Model-based evaluation of DAS28 as a potential surrogate for ACR20 to establish the dose-response relationship for disease modifying anti-rheumatic drugs. A case study using tasocitinib (CP-690,550), an oral JAK inhibitor.
Yoon Jung Lee (1), Sriram Krishnaswami (2), Lutz Harnisch (3), Jonathan French (2), Kyungsoo Park (1)
(1) Department of Pharmacology, College of Medicine, Yonsei University, Seoul, Korea (2) Pfizer Global R&D, New London, CT, USA (3) Pfizer Global R&D, Sandwich, UK
Background: Tasocitinib (CP-690,550), a selective inhibitor of the Janus kinase (JAK) family, is being developed for the treatment of several autoimmune diseases such as rheumatoid arthritis (RA) and prevention of allograft rejection. The primary clinical endpoint for the response of RA to treatment is American College of Rheumatology response criterion of 20% improvement (ACR20) by which a patient is considered a responder or non-responder. Disease Active Score measured by 28 tender and swollen joint assessments (DAS28-3(CRP)), developed as a clinical index of RA to objectively evaluate a patient's response, has a continuous scale ranging from 0 to 9.4, reflecting the extent of underlying inflammation , . Using DAS28 as a simplified notation for DAS28-3(CRP), the modeling hypothesis is that the continuous DAS28 may provide more precise dose-response curves than the binary ACR20, thus potentially improving the efficiency of dose response studies with new therapies.
Objectives: This study assesses the feasibility of using DAS28 as a more efficient measure than ACR20 for establishing dose-response of tasocitinib.
Methods: Data were obtained from a parallel, randomized, double-blinded, and placebo-controlled phase 2a study of CP-690,550 . This 6-week study consisted of 4 dose arms, 0 (placebo), 5, 15 and 30mg bid, given orally in 252 patients with RA. Drug effects were assessed by ACR20 and DAS28 at baseline and at weeks 1, 2, 4, and 6, with ACR20 measured as a binary and DAS28 as a continuous variable. Both types of data were analyzed using NONMEM 7 within a mixed-effect model framework. For ACR20, using a logistic regression, the logit of the probability of ACR20 response was modeled as a sum of the latent variable threshold, placebo effect, and "pure" drug effect , . Similarly for DAS28, the observed score was modeled as a sum of baseline, placebo effect, and pure drug effect. Model parameters were estimated sequentially in two steps as this approach estimated model parameters better than the simultaneous estimation of placebo and drug parameters. At the first step, placebo parameters were estimated from placebo group data only. Then, drug parameters were estimated from treatment group data by fixing placebo parameters at their estimates obtained at the first step. Dose-response information derived from DAS28 and ACR20 were compared using a time-averaged standard error of the model prediction normalized by the estimate (TASE, %). In addition, the percent change in DAS28 from baseline (DDAS) translatable to 30% difference from placebo for ACR20 (DACR) was estimated as follows. In Step 1, P30, the probability of DACR > 30%, was computed using the normal approximation. In Step 2, DDAS satisfying Prob(t ≥ Tx) = P30 was computed using the t-distribution, with Tx being the t-statistic corresponding to a certain value of DDAS.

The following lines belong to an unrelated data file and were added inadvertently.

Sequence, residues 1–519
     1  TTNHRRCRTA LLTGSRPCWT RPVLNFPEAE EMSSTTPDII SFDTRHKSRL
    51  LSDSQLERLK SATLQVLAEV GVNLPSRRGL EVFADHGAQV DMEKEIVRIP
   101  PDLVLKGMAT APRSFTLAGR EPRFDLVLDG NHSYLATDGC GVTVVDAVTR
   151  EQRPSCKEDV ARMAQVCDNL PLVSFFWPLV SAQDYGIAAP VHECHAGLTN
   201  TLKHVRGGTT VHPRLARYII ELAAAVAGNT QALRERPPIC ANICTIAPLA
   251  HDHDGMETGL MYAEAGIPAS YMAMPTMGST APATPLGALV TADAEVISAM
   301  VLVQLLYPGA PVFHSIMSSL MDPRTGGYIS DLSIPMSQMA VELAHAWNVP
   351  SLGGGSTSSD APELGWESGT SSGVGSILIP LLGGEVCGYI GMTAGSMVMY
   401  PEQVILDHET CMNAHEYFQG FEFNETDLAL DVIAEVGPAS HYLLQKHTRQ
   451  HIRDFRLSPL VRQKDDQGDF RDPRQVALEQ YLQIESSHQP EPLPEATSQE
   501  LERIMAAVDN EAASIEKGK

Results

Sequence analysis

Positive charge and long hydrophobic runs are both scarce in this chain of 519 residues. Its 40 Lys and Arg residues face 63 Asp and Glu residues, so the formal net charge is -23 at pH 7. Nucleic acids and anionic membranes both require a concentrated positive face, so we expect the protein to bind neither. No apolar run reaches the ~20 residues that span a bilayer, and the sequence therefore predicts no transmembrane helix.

Results: The placebo effect was best described by a monotone increasing exponential function for ACR20 and an inverse Bateman function for DAS28. The drug effect was described as an inhibitory indirect response model to account for an inhibitory drug effect on the inflammatory RA process. Overall, the model represented the data well. For doses of 0, 5, 15 and 30 mg, TASE (%) estimates were 26.5, 12.1, 8.3 and 7.2% for the probability of being a responder according to ACR20, and 7.5, 4.8, 4.4 and 4.4% for DDAS, indicating ACR20 yields more variation and wider confidence intervals at all doses as compared to DAS28. The estimated DACR and DDAS increased with dose, ranging from 21 to 54% and from 16 to 41%, respectively, with DDAS being smaller than DACR at the same dose level. DDAS translatable to 30% of DACR was estimated to be 22%, which was obtained by regressing the estimates of DACR from all weeks and doses on those of DDAS.
Conclusion: These findings support that a continuous DAS28 endpoint may provide more precise dose-response curve estimates than the binary ACR20 response measure, thus offering the potential of achieving a similar level of precision in the effect size of clinically useful doses at lower sample sizes. To validate the above results, further analyses will be necessary, which will include the assessment of DAS28 for data from other studies with the same agent and other DMARDs in the same or different class. Further work would be to assess not just the precision but also the accuracy (reliability) of predicting doses that will ultimately be evaluated in Phase 3 studies on the ACR scale. In addition, covariate effects that might influence DAS28 variation will also be assessed.
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